COVID-19: how to prepare for a possible resurgence 

COVID-19: how to prepare for a possible resurgence 


Since the beginning of the pandemic, our posts have covered various aspects of COVID-19:  medications, vaccines, ways to boost your immunity, but mostly, how can you avoid catching this mostly preventable disease? 

We have also discussed some alternative aspects of COVID, such as spirituality, loneliness, COVID burnout, doomscrolling, and the benefits of making bread and chicken soup during the pandemic. Then as COVID seemed to come more under control, we slowly added other topics such as healthy walking and breathing, how to avoid cancer recurrence, and HIV. 

While we are optimistic that within 6 months, the COVID situation will improve substantially, we think the next few months are a risky period. Many people are tired of washing their hands, distancing, and mask wearing, and that—coupled with some statistics suggesting the disease is slowing—will make many people careless. This has happened both in Europe and the USA, and is likely to happen in Brazil.

Remember that while you, and your family, may have become tired of all the quarantine restrictions, the virus does not get tired. It will still act and infect people if they let their guard down. So today it’s worthwhile to review some main points about COVID prevention, along with some new information, which begins our list:

Hints to help avoid COVID

+++ A study released 10 September 2020 by the Center of Disease Control (USA) studied 314 adults with COVID symptoms. They were all tested for the virus and about half were found to be COVID positive and the other half were COVID negative (they had suspicious symptoms, but it wasn’t COVID).

+++ The researchers wanted to see if the people who tested positive had any activity in common that may have exposed them to the virus

+++ They found that one activity in particular increased the chance of infection—having dined in a restaurant in the two weeks before their infection.  

+++ The people who dined at a restaurant recently were almost twice as likely to be infected compared with people who did not dine at a restaurant.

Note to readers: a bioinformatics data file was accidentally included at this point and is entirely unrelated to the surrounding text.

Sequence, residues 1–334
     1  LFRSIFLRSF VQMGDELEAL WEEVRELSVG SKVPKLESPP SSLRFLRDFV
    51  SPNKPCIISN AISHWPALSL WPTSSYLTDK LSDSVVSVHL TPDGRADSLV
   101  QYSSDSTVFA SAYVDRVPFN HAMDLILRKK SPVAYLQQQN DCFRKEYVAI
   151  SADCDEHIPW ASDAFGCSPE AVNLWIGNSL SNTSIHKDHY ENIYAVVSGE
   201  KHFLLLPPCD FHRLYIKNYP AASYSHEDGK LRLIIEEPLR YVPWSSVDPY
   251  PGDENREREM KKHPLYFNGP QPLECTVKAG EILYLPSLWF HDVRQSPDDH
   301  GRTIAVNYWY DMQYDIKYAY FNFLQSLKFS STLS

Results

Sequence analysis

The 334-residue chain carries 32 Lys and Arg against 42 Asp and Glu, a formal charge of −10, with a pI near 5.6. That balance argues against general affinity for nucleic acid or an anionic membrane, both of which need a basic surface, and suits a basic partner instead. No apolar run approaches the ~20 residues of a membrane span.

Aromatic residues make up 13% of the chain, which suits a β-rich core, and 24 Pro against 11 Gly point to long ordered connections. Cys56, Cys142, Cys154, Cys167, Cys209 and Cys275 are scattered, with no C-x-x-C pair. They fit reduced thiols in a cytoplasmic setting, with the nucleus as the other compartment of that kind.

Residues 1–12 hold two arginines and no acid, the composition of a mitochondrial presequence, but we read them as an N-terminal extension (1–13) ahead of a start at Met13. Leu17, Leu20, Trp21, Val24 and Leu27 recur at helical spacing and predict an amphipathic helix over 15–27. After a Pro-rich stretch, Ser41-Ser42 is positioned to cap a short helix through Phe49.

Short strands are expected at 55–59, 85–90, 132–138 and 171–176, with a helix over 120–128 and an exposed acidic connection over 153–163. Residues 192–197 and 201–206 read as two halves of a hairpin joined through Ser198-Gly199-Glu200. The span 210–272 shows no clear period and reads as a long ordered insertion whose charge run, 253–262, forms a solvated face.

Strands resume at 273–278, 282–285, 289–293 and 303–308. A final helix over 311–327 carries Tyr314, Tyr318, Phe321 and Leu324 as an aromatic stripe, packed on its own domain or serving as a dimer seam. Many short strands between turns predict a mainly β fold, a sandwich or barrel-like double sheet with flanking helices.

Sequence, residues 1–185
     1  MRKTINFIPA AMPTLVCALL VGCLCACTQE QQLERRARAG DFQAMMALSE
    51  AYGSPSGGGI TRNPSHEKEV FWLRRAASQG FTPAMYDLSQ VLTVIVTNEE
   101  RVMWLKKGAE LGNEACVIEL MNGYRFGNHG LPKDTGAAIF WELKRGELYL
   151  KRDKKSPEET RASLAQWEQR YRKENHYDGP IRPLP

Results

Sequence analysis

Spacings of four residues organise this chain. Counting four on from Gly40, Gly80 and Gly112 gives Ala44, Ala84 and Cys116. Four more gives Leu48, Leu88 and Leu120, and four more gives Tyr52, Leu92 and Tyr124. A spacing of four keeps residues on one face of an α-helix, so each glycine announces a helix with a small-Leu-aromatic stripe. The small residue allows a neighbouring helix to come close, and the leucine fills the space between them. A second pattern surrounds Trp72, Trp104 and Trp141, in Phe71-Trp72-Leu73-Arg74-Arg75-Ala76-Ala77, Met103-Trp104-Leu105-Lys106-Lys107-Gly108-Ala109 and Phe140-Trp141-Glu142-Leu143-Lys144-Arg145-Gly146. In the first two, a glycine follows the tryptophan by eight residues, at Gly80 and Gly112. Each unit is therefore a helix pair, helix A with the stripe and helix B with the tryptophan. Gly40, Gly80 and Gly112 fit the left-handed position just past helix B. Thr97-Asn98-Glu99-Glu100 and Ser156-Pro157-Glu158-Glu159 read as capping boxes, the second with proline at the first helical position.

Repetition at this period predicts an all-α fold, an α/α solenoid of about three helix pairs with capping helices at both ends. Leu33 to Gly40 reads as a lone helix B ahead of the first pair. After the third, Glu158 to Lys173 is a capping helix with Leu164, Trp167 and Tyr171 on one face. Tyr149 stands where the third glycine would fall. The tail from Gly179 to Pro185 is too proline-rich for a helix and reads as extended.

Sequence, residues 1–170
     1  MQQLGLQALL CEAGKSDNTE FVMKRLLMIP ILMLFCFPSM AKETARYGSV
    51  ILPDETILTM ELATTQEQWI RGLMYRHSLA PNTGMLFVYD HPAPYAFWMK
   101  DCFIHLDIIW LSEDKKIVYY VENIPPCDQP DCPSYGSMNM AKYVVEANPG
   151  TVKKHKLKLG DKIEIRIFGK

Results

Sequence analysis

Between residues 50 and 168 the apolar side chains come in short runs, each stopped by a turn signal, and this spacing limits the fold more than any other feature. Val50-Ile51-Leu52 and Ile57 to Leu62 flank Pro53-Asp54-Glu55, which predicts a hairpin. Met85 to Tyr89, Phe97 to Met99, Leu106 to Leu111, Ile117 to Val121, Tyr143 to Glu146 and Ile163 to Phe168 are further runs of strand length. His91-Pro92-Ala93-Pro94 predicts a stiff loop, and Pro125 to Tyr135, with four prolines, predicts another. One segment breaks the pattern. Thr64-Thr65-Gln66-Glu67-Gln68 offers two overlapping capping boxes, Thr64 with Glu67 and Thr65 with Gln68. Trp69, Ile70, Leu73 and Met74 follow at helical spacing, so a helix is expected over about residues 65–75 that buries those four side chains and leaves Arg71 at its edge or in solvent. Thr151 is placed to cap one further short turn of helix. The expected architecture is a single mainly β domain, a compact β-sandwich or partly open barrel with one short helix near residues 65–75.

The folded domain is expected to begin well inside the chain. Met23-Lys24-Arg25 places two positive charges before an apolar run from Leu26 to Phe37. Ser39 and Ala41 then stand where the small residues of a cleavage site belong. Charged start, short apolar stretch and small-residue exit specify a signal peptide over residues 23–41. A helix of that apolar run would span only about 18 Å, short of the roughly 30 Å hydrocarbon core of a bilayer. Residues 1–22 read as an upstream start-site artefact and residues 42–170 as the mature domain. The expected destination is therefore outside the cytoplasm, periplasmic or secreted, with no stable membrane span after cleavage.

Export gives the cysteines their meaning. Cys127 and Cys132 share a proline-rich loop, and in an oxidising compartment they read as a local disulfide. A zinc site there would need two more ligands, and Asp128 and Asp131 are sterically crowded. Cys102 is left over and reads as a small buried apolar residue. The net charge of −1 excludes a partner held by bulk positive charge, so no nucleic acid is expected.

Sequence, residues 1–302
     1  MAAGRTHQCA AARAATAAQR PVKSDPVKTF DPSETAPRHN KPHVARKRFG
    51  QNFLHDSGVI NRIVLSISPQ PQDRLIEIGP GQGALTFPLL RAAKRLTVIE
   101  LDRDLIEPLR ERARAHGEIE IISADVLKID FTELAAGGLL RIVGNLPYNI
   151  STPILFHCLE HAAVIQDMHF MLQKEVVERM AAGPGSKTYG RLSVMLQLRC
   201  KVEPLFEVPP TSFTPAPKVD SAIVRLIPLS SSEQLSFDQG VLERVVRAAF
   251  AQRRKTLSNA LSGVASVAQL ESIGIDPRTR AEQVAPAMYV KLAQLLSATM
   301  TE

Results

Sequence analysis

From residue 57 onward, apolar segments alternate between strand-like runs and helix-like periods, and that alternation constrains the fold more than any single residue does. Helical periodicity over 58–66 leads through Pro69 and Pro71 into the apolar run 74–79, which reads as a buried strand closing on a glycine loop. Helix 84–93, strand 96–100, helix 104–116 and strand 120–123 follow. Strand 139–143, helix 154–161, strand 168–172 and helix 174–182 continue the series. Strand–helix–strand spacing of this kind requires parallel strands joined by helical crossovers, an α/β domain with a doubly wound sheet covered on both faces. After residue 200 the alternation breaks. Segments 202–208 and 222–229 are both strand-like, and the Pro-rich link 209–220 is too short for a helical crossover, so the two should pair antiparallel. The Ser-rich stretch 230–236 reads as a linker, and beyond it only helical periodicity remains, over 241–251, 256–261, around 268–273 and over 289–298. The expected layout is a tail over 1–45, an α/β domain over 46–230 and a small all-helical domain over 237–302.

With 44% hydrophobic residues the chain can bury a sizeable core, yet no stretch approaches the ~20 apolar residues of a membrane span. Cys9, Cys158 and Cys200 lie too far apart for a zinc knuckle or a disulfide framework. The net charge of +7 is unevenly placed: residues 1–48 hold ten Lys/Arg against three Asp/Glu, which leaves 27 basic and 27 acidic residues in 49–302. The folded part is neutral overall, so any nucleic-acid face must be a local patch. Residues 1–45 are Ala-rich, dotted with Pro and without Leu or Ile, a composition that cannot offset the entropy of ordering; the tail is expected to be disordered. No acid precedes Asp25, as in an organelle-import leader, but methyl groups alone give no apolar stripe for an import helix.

+++ When they analyzed the data further—and excluded people who had known exposure to someone COVID positive—they found that in addition to restaurants, having been in a bar or coffee shop recently also significantly increased the risk of infection. 

+++ This means, as we discussed before, avoid dining at restaurants, and if you must, eat outside. The risk is much greater inside, as you will be close to people not using a mask while they eat and drink. 

+++Take-out or food delivery is safest, and for inside dining, best to wait a few months until we have better treatments and/or a vaccine.

+++ Do everything you can outside rather than inside.

+++ If you have to be inside, try to sit in a well-ventilated place,  hopefully close to an open window, and spaced 2 meters from others, especially if not everyone is wearing a mask (they should be)

+++ If someone near you is not wearing their mask properly (for example, his nose is uncovered), we recommend you distance yourself from that person, or gently ask him to fix his mask, for everyone’s safety. Otherwise, they are putting you at an increased risk. Do you accept that? Especially if you have co-existing medical conditions, if the place is not safe, it’s better to find an excuse, and if you can, leave.

This list covers some of the things to keep in mind now as many people get more casual about safety precautions.  Click on any of the linked text above to get more details about specific things you can do.

We cannot let ourselves get complacent at this point. COVID is a sneaky enemy; still around us, invisible, and ready to strike if we are careless. 

To find a doctor, of any specialty, anywhere in Brazil, check out our website:

Esta postagem também está disponível em: Portuguese (Brazil)

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